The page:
Correct SIP order (tweak oreder)

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Toni Šarić

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Nov 6, 2021, 4:45:02 PMNov 6
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I was wondering is it possible to determine the correct SIP/tweak order coefficient?
Is there any method to calculate the level of distortion?
Normally I use tw=4 because it gives me minimum separation distance between stars on the image and stars from the catalog.
The reason I am asking is that I need to know RA Dec coordinates of one particular pixel in my image and that pixel is located at the very edge of my image.

Dustin Lang

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Nov 7, 2021, 9:41:52 AMNov 7
to Toni Šarić, astrometry
You would have to define "correct" :)  The SIP terms are polynomials, so the more you add, the better the fit becomes -- but at some point it starts overfitting, and polynomials are known to be terrible when extrapolating outside the area they were fit on.

I think that if you measured the scatter (eg in the corr files) for different tweak levels, you would find that it would keep dropping as you increase the tweak order, but hopefully it would drop quickly until you hit the "right" order, and then only decrease a bit after that.  No matter what you do, getting the distortion at the very edge of the field is going to be tough!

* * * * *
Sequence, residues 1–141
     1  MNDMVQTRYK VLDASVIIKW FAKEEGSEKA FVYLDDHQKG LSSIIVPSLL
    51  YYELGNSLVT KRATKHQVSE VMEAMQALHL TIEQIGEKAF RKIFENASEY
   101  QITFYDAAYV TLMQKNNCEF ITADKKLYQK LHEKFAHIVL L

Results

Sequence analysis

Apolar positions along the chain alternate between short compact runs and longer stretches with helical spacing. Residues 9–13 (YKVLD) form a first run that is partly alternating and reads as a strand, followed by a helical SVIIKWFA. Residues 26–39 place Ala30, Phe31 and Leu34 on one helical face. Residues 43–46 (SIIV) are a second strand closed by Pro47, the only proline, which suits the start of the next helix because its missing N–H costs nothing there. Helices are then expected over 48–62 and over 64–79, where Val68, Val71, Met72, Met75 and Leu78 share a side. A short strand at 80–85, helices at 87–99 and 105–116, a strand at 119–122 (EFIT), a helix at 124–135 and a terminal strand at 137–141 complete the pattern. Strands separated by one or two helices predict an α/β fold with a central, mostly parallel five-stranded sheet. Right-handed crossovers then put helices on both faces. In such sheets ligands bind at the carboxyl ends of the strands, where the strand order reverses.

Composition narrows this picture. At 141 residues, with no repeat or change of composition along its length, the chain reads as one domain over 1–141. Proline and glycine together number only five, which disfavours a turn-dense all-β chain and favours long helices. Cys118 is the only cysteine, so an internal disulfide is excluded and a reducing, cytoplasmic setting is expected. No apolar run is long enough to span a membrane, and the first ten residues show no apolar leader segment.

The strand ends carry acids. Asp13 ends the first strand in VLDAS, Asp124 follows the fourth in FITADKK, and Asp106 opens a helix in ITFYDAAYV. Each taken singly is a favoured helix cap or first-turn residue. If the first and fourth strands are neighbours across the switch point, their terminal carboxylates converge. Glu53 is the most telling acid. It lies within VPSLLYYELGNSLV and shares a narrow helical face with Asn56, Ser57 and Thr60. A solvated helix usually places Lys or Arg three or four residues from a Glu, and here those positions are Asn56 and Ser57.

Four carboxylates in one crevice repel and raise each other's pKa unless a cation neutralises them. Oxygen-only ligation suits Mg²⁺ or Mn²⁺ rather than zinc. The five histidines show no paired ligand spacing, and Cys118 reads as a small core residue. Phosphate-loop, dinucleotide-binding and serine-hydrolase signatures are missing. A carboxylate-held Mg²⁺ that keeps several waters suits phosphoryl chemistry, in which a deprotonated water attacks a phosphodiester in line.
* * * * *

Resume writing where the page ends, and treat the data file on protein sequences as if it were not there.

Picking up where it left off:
I would recommend using --crpix-center also -- center the distortion solution at the center of the image.

cheers,
--dustin



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Toni Šarić

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Nov 8, 2021, 3:42:03 AMNov 8
to astrometry
Hi.

Yes, I already have set --crpix-center.
I understand now, thanks.
By measuring the scatter (in corr files) you mean measuring standard deviation of separation between field stars and index stars?

BR
Toni

Dustin Lang

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Nov 8, 2021, 8:40:04 AMNov 8